Stones were being thrown, glass shattered, abuses hurled. None of these activities could have taken place without instructions from the higher political controllers of the Sangh. Their activists are assured of soft handling – they know they can indulge in criminal activity and get away with it.
These are crimes against the law, and in a broader sense, they signify an assault on our minds by activists of a totalitarian project. These persons wish to enforce their beliefs upon us and to use political power as a cover for violent activity.
It is our duty as citizens to protect our constitutional rights. More such attacks are to be expected unless we protest vigorously. We all belong to Ramjas.
This is a citation from a book on Nazism written in the 1930’s – Behemoth, The Structure and Practice of National Socialism by Franz Neumann. (republished 1963, p 27). A pdf file may be read here:
"(The counter revolution)…tried many forms and devices, but soon learned that it could come to power only with the help of the state machine and never against it… the Kapp Putsch of 1920 and the Hitler Putsch of 1923 had proved this...In the centre of the counter-revolution stood the judiciary. Unlike administrative acts, which rest on considerations of convenience and expediency, judicial decisions rest on law, that is on right and wrong, and they always enjoy the limelight of publicity. Law is perhaps the most pernicious of all weapons in political struggles, precisely because of the halo that surrounds the concepts of right and justice…”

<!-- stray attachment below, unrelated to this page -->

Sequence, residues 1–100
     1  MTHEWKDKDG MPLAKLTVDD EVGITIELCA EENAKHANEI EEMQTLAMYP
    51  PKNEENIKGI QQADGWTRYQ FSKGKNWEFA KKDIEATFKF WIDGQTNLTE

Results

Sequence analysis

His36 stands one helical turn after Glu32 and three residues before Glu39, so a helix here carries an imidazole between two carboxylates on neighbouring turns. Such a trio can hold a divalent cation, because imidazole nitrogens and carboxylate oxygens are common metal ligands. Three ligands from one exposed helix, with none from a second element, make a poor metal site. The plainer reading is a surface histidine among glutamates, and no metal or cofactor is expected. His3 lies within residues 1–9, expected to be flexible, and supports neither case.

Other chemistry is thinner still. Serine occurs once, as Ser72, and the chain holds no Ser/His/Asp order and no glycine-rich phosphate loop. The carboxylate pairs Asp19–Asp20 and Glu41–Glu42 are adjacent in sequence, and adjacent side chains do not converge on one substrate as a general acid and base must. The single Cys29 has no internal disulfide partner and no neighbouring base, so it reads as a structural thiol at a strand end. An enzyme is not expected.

‘Right’, Hocking has said, ‘is psychologically a claim whose infringement is met with a resentment deeper than the injury would satisfy, a resentment that may amount to a passion for which men will risk life and property as they would never do for an expediency’.
When it becomes ‘political’, justice breeds hatred and despair among those it singles out for the attack. Those whom it favours, on the other hand, develop a profound contempt for the very value of justice, they know that it can be purchased by the powerful.
As a device for strengthening one political group at the expense of others, for eliminating enemies and assisting political allies, the law then threatens the fundamental convictions upon which the tradition of our civilisation rests.
Here are some posts relevant to violent censorship in Ramjas and elsewhere:
Edited by Jhinuk Sen
The author is a former professor from Ramjas College. You can read his blog here